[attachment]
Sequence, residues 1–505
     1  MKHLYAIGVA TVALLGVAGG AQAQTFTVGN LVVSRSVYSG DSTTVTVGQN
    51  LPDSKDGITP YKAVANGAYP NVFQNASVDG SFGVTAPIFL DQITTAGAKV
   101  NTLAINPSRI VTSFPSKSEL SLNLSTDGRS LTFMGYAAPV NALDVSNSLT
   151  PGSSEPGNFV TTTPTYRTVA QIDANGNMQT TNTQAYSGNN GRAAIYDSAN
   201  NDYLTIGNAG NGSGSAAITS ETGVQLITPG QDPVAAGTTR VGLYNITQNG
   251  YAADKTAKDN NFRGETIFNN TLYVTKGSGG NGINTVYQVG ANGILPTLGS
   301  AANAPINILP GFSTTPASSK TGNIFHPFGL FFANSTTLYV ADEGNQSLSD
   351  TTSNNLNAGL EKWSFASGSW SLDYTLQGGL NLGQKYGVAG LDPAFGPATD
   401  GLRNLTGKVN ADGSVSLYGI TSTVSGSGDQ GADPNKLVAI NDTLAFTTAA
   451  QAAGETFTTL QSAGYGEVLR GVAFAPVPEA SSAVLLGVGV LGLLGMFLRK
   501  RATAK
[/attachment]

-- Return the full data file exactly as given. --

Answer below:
Sequence, residues 1–505
     1  MKHLYAIGVA TVALLGVAGG AQAQTFTVGN LVVSRSVYSG DSTTVTVGQN
    51  LPDSKDGITP YKAVANGAYP NVFQNASVDG SFGVTAPIFL DQITTAGAKV
   101  NTLAINPSRI VTSFPSKSEL SLNLSTDGRS LTFMGYAAPV NALDVSNSLT
   151  PGSSEPGNFV TTTPTYRTVA QIDANGNMQT TNTQAYSGNN GRAAIYDSAN
   201  NDYLTIGNAG NGSGSAAITS ETGVQLITPG QDPVAAGTTR VGLYNITQNG
   251  YAADKTAKDN NFRGETIFNN TLYVTKGSGG NGINTVYQVG ANGILPTLGS
   301  AANAPINILP GFSTTPASSK TGNIFHPFGL FFANSTTLYV ADEGNQSLSD
   351  TTSNNLNAGL EKWSFASGSW SLDYTLQGGL NLGQKYGVAG LDPAFGPATD
   401  GLRNLTGKVN ADGSVSLYGI TSTVSGSGDQ GADPNKLVAI NDTLAFTTAA
   451  QAAGETFTTL QSAGYGEVLR GVAFAPVPEA SSAVLLGVGV LGLLGMFLRK
   501  RATAK